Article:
Compressing images to improve navigation on your blog or website

Compressing images to improve navigation on your blog or website

Owners of websites or blogs who want to have content accessible to everyone, always need to worry about the weight of their pages. Very heavy pages end up making life difficult for people with slower connections, many of these people end up not accessing the site in question. Which in turn, can also lose many accesses. It’s a bad deal for everyone.

We made a list with some tools, which can help you save some KB when creating the images for your website. Which are as follows:

tinypng.com

Despite the name, tinypng is capable of working with the «.png» and «.jpg» formats. The service uses a lossy compression technique, which greatly reduces the size of your images, but can also cause loss of quality.

In my tests, an image with 2.1MB, after the compression process on the site, was 700KB. Whether or not the loss of quality will be noticeable or acceptable depends a lot on the image itself. It can happen that one image is of a very bad quality after compression, while the other is identical to the original. That is, each case is different.

You can access the tinypng clicking here.

ImCompressor

ImCompressor is a lossless image compactor. That is, it is able to compress your images without causing any loss of quality. But of course, this comes with a price. The decrease in image size after being compressed by ImCompressor is generally much less. By my tests, varying around 2%.

ImCompressor is developed in Python and GTK, and has a layout fully integrated with GNOME Shell. Its use is also a strong point, being extremely simple and intuitive.

The ImCompressor is available for installation in the Flatpak format, and can be found at Flathub.

Linux Mint comes with flatpak support, and Flathub enabled by default, so ImCompressor can be installed directly from the app store. If you are using another distro, and don’t know how to install flatpaks, check out our tutorial about how the subject.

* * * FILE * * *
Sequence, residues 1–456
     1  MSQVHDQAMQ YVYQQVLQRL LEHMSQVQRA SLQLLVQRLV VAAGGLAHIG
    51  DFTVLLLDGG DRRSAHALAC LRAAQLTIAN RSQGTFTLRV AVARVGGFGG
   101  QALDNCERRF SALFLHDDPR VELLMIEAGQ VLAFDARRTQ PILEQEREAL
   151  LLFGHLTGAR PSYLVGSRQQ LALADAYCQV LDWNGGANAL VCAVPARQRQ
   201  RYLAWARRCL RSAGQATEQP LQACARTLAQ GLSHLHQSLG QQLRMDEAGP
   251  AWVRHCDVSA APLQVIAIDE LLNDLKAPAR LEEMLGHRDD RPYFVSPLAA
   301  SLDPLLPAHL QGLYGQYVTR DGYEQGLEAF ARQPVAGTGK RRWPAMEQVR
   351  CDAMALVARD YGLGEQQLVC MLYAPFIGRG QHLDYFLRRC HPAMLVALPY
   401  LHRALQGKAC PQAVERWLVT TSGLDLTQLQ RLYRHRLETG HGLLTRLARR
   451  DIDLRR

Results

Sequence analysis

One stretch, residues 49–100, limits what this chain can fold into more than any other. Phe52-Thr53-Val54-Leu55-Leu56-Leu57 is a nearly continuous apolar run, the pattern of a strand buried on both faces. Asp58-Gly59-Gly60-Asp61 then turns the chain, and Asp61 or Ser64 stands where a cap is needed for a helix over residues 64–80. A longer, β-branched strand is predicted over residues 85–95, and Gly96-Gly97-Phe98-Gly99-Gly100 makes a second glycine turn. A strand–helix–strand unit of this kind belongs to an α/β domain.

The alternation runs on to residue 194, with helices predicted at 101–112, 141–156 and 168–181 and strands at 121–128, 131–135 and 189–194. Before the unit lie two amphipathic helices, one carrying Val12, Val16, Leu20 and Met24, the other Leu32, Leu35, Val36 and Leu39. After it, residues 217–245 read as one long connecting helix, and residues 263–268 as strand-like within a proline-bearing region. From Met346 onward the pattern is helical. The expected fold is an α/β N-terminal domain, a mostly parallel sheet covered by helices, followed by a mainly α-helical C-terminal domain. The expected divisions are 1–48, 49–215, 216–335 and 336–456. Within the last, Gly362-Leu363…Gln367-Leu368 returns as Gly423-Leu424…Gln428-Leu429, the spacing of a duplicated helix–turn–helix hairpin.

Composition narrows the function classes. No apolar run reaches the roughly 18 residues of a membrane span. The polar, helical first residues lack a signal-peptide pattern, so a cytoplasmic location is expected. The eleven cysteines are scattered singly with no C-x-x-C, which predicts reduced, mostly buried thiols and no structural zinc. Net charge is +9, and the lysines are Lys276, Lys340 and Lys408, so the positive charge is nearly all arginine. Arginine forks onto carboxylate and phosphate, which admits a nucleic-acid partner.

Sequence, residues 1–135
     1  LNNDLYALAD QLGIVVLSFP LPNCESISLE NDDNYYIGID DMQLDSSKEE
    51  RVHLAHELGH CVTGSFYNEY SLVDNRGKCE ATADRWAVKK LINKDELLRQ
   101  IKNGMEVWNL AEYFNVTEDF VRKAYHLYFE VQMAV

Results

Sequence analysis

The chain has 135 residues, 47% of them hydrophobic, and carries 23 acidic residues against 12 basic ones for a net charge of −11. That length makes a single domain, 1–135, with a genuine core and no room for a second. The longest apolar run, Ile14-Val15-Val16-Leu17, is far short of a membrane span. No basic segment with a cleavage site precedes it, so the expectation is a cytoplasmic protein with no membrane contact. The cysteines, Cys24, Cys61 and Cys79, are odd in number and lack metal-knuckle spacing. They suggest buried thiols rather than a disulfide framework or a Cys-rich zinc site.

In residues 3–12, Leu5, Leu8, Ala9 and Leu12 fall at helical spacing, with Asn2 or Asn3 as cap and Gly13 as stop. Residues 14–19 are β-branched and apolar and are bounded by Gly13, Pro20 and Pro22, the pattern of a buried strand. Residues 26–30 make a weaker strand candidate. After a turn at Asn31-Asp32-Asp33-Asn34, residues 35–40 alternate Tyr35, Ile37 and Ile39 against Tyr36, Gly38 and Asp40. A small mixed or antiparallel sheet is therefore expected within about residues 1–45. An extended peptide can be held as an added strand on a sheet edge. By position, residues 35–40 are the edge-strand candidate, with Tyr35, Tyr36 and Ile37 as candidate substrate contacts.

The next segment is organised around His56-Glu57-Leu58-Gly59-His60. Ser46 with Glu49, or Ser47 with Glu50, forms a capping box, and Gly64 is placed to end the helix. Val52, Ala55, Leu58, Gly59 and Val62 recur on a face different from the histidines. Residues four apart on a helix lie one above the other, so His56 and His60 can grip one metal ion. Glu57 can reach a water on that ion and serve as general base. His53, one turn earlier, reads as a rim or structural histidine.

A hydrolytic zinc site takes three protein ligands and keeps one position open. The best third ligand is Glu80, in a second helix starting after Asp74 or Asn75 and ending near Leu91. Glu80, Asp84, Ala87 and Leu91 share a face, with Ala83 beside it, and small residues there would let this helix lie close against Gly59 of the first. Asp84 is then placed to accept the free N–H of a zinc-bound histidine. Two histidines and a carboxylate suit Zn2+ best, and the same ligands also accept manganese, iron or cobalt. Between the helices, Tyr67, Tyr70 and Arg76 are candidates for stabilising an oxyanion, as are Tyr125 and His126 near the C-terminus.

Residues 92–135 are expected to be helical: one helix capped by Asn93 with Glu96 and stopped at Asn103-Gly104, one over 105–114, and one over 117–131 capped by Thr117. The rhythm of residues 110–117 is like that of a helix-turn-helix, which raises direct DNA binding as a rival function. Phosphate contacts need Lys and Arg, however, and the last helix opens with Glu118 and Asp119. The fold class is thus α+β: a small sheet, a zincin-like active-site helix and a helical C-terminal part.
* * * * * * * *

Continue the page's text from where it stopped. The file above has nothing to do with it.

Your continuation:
After Flatpak is installed, if you haven’t already done so, add the Flathub repository with the command below:

flatpak remote-add --if-not-exists flathub https://flathub.org/repo/flathub.flatpakrepo

GIMP and the .webp format

One of the best ways to save or convert image files to the internet, which are small in size and of good quality, is through GIMP, using the “.webp” format. In fact, it is this method that I use in all images of my posts here on the Diolinux blog.

To save files in .webp format using GIMP, follow the instructions below:

As shown in the image below, create a layer group (1), and drag all layers of your project into this group (2). Before exporting, make sure that the item selected in the layers tab is the group, not one of the layers within it (3).

Click in «Archive«, and after that «Export as”. Name your image and add the extension “.webp”. Click in «Export”, Select the image quality, click“Exportsr ”again, and you’re done.

The GIMP can be found at Snap, Flatpak, and also in the repositories of all major distros. Another excellent idea, especially for those people used to Photoshop, is to use the PhotoGimp.

If you don’t know, or don’t know how to work with the format Snap, this tutorial will remove all, or almost all of your doubts.

Software with the objective of compressing images exists a lot on the internet, and it is obvious that many of them would be left out of this matter. Then «we pass the ball» to you in the comments. Tell us if you use any of the aforementioned software, or know better ones. Perhaps your suggestion will not yield another article related to the subject in the future.

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